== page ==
Pest animals hunt native species and compete with them for food and shelter. They can also harm threatened plant species when they graze and trample native vegetation.
Weeds smother native plants or cover the ground, leaving no room for native plant species and the animals that depend on them to thrive.
Pest animals and weeds also cause financial losses to agriculture and other industries and can damage areas of cultural significance.
The impact of pest animals and weeds on biodiversity is second only to the clearing of native vegetation in terms of the number of species affected.
NSW Invasive Species Plan
The New South Wales Invasive Species Plan 2018-2021 provides the framework for the coordinated management of pest animals and weeds across NSW. The NSW Department of Primary Industries (DPI) is the lead agency for this plan and the Office of Environment and Heritage (OEH) works to implement the plan.
The New South Wales Invasive Species Plan has four goals:
- prevent the establishment of new invasive species
- eliminate or prevent the spread of new invasive species
- reduce the impacts of widespread invasive species
- ensure NSW has the ability and commitment to manage invasive species.
Actions recommended in the plan were developed to align with the reporting requirements for the NSW State of the Environment Report.
How is OEH reducing the impacts of pest animals and weeds?
OEH develops policies and strategies for managing pest animals and weeds across New South Wales. Key areas of responsibility include:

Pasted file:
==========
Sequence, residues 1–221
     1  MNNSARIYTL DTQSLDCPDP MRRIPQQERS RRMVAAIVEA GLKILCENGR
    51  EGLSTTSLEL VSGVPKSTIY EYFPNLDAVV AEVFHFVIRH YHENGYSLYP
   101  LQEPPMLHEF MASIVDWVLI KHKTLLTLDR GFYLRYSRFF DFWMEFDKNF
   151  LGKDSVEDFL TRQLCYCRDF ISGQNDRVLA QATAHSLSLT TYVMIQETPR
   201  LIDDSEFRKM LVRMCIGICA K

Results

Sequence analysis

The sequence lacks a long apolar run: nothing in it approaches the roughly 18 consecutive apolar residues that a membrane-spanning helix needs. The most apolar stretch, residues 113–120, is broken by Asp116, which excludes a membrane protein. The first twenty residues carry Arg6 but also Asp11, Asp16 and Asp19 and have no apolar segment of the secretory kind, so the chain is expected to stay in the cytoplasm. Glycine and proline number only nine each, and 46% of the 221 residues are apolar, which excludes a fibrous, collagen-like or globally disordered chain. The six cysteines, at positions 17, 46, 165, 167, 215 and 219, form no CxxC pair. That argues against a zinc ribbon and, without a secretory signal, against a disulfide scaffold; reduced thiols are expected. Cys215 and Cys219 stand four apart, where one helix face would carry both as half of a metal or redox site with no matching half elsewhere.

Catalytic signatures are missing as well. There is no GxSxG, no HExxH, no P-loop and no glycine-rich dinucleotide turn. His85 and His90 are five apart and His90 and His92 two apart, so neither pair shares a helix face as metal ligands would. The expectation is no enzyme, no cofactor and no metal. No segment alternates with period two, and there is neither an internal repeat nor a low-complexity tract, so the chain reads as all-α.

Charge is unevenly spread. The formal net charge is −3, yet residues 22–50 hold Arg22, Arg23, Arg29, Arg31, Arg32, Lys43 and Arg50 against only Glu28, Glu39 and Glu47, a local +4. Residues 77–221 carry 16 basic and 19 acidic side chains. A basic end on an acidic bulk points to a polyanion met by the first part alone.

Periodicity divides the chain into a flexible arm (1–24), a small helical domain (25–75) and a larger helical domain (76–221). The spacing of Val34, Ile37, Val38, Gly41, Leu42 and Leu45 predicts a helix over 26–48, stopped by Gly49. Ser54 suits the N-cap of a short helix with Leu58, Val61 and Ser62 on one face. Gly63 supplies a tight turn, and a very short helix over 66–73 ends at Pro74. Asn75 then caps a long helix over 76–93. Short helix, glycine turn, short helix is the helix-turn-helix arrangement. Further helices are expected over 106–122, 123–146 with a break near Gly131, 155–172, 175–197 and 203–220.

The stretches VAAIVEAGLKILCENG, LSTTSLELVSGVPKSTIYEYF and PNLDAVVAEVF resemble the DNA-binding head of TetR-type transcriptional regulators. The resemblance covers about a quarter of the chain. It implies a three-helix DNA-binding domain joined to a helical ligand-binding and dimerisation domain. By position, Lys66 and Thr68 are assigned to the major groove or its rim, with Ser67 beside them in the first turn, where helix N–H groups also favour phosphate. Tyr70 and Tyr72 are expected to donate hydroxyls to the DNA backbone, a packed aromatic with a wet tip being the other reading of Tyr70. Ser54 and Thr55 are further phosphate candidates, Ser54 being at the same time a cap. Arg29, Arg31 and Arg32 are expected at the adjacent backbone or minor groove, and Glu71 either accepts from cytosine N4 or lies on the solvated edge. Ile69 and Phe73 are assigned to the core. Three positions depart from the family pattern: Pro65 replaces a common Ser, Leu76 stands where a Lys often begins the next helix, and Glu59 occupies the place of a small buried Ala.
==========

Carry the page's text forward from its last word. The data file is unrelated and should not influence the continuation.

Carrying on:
- policy and planning
- strategy and program development
- pest animal and weed management on the national parks estate.
The management of pest animals and weeds in NSW is a strategic collaboration between government and communities. OEH contributes through the development, coordination and reporting on programs that reduce the impacts of pest animals and weeds on biodiversity.
The Saving our Species (SoS) program is a strategic initiative, coordinated by OEH, to protect threatened species across NSW. To do this, SoS develops specific strategies to address threats, including key threatening processes such as pest animals and weeds, that are detrimental to biodiversity.
OEH also provides advice on best practice methods to reduce the impacts of pest animals and weeds on biodiversity, and collaborates on cross-tenure strategies such as the Biodiversity Priorities for Widespread Weeds.
In addition, as part of OEH, the NSW National Parks and Wildlife Service (NPWS) works to reduce the impact of pest animals and weeds in our national parks. NPWS has developed specific regional pest management strategies which are used to guide and implement pest control programs in national parks and reserves.
Pest animals and weeds in our national parks
On lands managed by the NSW National Parks and Wildlife Service, regional pest management strategies guide best practice control and monitoring.